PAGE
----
Students learn leadership, importance of passion and values at conference

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    TCU students learned about leadership and the importance of passion and core values in life endeavors at the 19th annual State of Leadership Conference.

    The two-day conference, hosted by Student Development Service’s Leadership Center in partnership with the Neeley School of Business, took place on Feb. 22 and 23.

    The conference kicked off with a dinner Friday night and continued Saturday with various group sessions.

    At dinner, students engaged with community leaders and listened to keynote speaker Jessica Jackley.

    Jackley, co-founder of Kiva, a microlending website that allows individuals to lend $25 or more to underfinanced entrepreneurs, addressed the audience about the path in life that led her to develop Kiva.org.

    In her speech, she discussed her relationship with impoverished entrepreneurs and the importance of interpersonal connections. 

    "I think Jessica did an amazing job," Dede Williams, director of Burlington Northern and Santa Fe Railway (BNSF) Next Generation Leadership program, said.

    Williams said Jackley's tying of her personal and professional life is key for students to understand.

    "She was able to utilize her personal feelings to find something she was passionate about in life," she said. "And I think that's why all these students are here at TCU, because they're trying to find what they're going to spend their life's work on."

    Williams added that the things Jackley discussed in her speech directly relate to TCU's mission statement.

    Senior marketing major Kyle Cochran said it was great to hear Jackley's message and understand how she self-motivates. 

    "The value she has in impacting people, I'm able to understand my own motivations at the same time," Cochran said. "It was inspirational. I have a lot of thinking to do after that."

    The following day, students attended three group sessions and a lunch breakout session of their choice.

    At the group sessions, students engaged with speakers about values-centered enterprise, microlending in the Dallas-Fort Worth community and creating a leadership development plan.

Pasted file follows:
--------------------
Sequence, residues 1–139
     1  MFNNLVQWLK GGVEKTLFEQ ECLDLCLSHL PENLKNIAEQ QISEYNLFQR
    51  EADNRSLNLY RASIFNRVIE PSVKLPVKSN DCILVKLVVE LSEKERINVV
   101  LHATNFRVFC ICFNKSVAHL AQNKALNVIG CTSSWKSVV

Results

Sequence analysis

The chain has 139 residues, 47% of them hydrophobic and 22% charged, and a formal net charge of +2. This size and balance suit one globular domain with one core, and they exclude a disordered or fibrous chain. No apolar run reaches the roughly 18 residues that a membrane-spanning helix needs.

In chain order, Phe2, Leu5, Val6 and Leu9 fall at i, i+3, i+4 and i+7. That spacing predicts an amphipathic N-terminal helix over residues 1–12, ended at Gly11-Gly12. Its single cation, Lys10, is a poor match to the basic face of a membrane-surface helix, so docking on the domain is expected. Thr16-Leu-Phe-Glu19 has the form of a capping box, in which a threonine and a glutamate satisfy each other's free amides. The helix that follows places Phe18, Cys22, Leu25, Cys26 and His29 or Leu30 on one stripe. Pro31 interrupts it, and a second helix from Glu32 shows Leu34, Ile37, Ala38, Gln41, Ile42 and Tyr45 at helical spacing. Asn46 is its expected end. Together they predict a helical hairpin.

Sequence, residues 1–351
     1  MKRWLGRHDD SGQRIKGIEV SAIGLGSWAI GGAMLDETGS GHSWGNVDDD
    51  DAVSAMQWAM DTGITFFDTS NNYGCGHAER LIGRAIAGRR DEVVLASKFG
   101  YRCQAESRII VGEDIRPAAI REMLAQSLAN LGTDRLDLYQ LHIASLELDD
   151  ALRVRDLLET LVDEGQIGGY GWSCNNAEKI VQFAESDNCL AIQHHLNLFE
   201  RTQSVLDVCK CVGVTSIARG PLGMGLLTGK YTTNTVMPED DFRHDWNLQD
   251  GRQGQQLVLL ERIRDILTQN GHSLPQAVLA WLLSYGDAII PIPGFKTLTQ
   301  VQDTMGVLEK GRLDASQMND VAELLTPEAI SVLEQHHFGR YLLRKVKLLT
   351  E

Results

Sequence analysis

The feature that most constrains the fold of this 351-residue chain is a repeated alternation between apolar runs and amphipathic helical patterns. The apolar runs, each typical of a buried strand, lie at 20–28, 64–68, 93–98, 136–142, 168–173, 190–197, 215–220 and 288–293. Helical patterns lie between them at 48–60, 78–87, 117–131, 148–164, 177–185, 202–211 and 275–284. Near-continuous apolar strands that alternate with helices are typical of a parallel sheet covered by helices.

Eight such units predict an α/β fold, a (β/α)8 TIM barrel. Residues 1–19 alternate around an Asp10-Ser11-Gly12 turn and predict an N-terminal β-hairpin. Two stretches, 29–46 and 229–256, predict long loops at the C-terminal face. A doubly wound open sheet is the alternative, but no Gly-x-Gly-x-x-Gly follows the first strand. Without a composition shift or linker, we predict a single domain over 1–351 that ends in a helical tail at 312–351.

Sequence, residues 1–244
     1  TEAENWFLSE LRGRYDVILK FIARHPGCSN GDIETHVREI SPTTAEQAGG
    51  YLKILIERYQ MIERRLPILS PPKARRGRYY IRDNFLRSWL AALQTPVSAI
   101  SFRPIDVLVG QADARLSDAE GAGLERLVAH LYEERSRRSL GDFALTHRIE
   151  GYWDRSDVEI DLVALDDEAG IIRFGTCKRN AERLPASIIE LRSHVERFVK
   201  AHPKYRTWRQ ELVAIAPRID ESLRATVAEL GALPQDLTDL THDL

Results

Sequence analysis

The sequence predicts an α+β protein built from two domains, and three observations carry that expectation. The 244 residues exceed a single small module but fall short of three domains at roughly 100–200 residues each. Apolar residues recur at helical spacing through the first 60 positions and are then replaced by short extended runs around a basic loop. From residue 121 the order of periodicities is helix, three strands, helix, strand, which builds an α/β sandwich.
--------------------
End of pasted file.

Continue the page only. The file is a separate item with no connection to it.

In the breakout lunch sessions, students chose between a presentation on using social media for change, the BNSF Next Generation Leadership Program and civic awareness in Tarrant county.

    Williams, who spoke at the civic awareness breakout session, said that Jackley had an "aha" moment, and she hopes that students can too through the educational sessions.

    "[Students] are able to learn more about their skill set, community needs or something that's going on that they may be passionate about," she said.

    She added that the sessions help students with idea generation and meeting other students on campus with similar interests. 

    First-year business major Harrison Floyd said he learned how to make his personal core values reflect in a company he is a part of from the conference.

    He said he also learned about microlending, microfinance and leadership positions in the workplace.

    Kiley Hiett, first-year psychology and child development double major, said she felt hesitant toward the conference at first.

    "It seemed very geared towards business," Hiett said, "But everything really incorporated this idea of engaging your values in what you're doing."

    She said she took away that a person's passion should always carry through what he or she does in their life and successes.

    "I really enjoyed [Dr. Carol Clyde's] presentation with the mission statement building," she added. "That was very much directed towards figuring out what you're passionate about and applying that toward your life."

    Hiett, a member of the Chancellor's Leadership Program, said she plans on attending next year's conference as well.

    Assistant Director of the Leadership Center Ebony Rose said she thinks the conference was successful and that there was a lot of student variety.

    "We have students attend who are across all majors, plus we have everyone from freshmen to senior," Rose said. "It's really important to figure out ways that we can reach all of them."

    She said the important part of the program is having students walk away feeling empowered.

    "Letting everyone feel like when they leave our conference, they feel connected and empowered and have a vision they can take out and do even more with," she said.

    Rose said the conference, which was open for anyone to register, had about 175 total student participants.

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